There are multiple questions heading into the 2018 season for the Indianapolis Colts. Naturally, the most ‘national’ story is the debate as to whether Andrew Luck will return to his former self or not this year. Outside of that, it’s either the questions surrounding the offensive line of how much the unit will be improved and how quickly the young defense can grow into a respectable unit.
Perhaps next in line, are questions about the Colts backfield — primarily Marlon Mack. Much of the talk comes on the heels of the Colts drafting Nyheim Hines and Jordan Wilkins in the 2018 NFL Draft and how Frank Reich’s scheme will employ a by-committee approach.
In the long run, and quite possibly the short-term as well, the Colts still need a lead back just as any other team desires in order to maintain a well-rounded offense. Whether or not Mack can be that feature option immediately may not be the right question to ask.
However, looking to see whether he can efficiently contribute on all three downs in the upcoming season should be paramount to the Colts vision. We can discuss some of Mack’s tendencies last season and debate what the coaching can mold him into, but ultimately, his only major issue is in protection. Hence the hesitation from some to accept his third down effectiveness.
Our own Chris Blystone put together a piece on Mack back in April, discussing some of what he provided to the Colts last year. There was some additional insight of how his success rate was better than Frank Gore’s in critical situations despite Gore being overused in those situations.
Let’s stack some additional points of interest in hindsight of the 2017 season.
Mack is electric, there’s absolutely no disputing that. His speed, agility, size and youth are just toys for the new coaching staff to mold into the complete back. Last year, whether everyone realized it or not, Mack’s bright potential was evident.
His big-play ability wasn’t just a myth. In fact, had he been given the ball more regularly, more than just Colts fans would remember those plays. Mack posted 5 carries and 4 receptions of 20 yards or more in just 93 total carries and 21 receptions on the season.
That may not look all that impressive, but with his lack of touches it was actually quite striking. In comparison to the rest of the league, his explosive carry percentage of 5.38% was unrivaled among backs with 90-plus carries. Only Kenyan Drake and Bilal Powell even cleared 5% among backs with at least 5 20-plus yard carries on the year.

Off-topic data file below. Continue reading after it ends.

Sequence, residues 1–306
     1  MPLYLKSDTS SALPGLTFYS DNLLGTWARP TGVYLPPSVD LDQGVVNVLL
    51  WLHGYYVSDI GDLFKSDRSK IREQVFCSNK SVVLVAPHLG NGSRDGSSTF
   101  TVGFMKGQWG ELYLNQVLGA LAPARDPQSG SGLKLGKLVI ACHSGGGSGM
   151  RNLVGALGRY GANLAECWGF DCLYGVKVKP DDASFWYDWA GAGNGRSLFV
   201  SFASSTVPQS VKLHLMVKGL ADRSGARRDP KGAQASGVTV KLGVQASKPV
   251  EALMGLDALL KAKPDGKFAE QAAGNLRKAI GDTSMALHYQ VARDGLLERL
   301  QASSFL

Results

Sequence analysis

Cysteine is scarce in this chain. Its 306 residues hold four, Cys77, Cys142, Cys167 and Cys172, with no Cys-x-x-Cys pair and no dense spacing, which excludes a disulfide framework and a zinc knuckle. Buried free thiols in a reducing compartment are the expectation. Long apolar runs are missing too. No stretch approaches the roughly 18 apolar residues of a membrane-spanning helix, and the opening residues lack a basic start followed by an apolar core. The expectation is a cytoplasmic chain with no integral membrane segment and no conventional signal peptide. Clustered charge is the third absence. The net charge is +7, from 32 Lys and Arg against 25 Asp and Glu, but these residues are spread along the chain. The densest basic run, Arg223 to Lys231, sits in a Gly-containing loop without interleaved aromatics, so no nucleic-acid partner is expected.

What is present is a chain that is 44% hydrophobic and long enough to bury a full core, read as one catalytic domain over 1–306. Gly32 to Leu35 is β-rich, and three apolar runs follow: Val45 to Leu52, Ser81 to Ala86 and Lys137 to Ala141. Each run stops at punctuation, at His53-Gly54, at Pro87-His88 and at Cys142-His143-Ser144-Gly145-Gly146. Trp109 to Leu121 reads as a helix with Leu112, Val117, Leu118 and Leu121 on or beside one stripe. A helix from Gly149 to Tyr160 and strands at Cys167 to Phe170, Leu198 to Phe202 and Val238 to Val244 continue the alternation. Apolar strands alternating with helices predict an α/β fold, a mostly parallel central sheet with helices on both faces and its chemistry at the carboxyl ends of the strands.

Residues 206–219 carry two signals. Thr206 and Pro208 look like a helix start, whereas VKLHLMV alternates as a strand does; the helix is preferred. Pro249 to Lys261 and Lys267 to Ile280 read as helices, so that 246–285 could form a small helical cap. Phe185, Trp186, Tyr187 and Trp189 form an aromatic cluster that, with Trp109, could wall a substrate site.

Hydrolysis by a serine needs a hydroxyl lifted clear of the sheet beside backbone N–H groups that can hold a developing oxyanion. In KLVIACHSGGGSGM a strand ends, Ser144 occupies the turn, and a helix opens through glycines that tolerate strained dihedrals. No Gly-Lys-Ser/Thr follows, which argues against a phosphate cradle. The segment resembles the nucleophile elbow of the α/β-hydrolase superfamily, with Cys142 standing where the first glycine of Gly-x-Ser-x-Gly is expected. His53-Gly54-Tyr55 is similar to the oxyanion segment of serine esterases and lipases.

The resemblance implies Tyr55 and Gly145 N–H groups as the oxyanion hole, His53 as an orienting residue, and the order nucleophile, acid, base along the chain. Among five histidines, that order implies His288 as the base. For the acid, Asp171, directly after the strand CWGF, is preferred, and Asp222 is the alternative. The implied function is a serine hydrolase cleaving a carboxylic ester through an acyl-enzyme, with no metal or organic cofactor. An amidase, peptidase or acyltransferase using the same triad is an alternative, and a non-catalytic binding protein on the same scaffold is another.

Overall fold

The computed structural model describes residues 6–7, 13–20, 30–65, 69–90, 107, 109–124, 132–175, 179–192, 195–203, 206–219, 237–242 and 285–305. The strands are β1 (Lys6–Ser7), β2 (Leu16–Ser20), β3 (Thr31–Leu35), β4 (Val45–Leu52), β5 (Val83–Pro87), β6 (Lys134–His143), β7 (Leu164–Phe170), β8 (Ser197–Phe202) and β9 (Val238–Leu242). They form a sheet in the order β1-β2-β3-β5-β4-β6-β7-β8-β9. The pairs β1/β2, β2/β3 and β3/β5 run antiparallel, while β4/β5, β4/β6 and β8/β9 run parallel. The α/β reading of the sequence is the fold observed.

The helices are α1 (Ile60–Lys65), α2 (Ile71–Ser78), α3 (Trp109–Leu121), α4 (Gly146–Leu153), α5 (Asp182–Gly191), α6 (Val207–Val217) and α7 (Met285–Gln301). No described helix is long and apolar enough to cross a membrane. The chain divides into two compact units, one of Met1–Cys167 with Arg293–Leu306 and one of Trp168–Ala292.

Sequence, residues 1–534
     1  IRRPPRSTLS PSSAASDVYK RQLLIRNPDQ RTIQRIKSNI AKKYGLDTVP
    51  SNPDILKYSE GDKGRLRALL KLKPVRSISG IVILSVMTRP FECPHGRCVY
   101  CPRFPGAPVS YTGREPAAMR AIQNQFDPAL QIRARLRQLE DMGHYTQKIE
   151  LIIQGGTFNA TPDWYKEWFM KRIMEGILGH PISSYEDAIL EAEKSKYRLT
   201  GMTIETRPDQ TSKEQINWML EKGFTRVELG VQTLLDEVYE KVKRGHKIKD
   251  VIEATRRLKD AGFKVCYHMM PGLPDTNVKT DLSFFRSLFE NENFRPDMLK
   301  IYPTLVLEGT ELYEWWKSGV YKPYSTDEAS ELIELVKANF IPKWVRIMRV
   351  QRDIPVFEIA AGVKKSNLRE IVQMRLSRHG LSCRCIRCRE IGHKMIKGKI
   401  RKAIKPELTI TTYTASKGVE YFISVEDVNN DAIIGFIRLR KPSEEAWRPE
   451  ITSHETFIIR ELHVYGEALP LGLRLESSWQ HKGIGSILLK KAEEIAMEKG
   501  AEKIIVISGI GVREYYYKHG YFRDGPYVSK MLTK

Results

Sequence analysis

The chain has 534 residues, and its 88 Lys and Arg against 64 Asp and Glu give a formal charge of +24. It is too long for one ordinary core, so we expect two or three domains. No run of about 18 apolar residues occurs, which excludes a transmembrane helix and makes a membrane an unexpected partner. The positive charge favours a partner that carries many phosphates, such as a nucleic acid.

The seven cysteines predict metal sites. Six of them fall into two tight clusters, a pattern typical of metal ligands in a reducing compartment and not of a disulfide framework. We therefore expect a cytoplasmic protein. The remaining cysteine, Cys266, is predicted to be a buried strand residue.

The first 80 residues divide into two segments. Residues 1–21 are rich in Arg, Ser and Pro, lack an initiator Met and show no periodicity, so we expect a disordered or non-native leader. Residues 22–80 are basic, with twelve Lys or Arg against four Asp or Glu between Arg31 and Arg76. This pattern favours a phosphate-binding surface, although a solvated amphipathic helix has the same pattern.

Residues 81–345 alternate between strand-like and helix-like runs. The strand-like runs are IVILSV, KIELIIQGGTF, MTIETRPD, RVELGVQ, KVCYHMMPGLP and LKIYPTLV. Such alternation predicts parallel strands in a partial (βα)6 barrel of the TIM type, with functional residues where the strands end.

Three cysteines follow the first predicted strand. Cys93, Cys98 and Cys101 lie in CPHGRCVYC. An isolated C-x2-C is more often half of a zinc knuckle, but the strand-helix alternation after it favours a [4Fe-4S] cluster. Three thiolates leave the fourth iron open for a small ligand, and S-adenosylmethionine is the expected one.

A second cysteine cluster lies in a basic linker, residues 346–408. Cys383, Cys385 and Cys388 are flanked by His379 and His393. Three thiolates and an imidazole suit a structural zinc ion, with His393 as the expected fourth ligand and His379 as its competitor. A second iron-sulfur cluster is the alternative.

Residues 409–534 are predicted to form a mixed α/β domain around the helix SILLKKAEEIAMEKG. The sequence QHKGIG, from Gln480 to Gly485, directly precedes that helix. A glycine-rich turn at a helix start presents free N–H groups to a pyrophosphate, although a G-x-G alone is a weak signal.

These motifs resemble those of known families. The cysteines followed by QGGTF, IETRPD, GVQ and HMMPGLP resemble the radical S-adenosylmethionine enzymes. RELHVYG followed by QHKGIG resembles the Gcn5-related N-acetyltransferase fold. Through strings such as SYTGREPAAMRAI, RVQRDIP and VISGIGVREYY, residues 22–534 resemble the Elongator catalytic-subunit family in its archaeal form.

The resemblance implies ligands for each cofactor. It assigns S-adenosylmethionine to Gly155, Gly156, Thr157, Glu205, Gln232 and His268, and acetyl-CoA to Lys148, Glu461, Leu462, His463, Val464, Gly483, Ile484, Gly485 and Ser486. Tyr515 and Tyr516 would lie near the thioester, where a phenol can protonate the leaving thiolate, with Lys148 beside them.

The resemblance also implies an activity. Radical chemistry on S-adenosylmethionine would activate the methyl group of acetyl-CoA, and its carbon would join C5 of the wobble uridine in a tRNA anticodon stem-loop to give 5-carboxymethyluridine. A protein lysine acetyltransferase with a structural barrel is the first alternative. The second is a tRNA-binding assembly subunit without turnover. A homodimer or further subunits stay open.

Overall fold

Also, Mack was one of only 6 backs in the league who busted off at least 5 20-yard runs and 4 20-yard receptions last season. It’s a pretty nice group to be associated with which includes the likes of Todd Gurley, Alvin Kamara, Le’Veon Bell, Tevin Coleman and Ezekiel Elliott.
Two other backs who were also impressive with even smaller workloads than Mack and had a higher explosive run percentage were Aaron Jones (7.41% on just 81 carries) and Dalvin Cook (5.4% of 74 carries).
Now, if we’re looking at specific downs to help determine his viability, there isn’t a ton of reference for it, but what we do have is exciting. On first and second downs last season, Mack didn’t blow it up on the ground necessarily, but there was some hope to be had.
Mack averaged 3.51 yards per carry on those early downs, and that doesn’t touch the elite at the position by any means, but the numbers are better than the likes of Joe Mixon, Chris Ivory and Devontae Booker and were comparable to multiple others who were given much more of an opportunity.
Now, on third downs his workload was significantly limited receiving only 9 total touches. However, 7 of those 9 touches earned a first down, and he averaged well over 6 yards per carry and 9.77 yards per touch overall on third down opportunities.
Everything else we’ve talked about several times over, right? He needs to seriously improve on his pass protection, his work between the tackles needs a great deal of work as he earned a measly 2.64 yards per carry inside of the tackles. Yes, the improved offensive line should greatly help those numbers, but the instincts and willingness to attack the middle of the defense have to be better as well.
So many things will go in to Mack living up to his enormous expectations. But, like we’ve said so many times before, he’s got it all and now we can only hope that he has the coaching staff and big uglies to help expedite that process.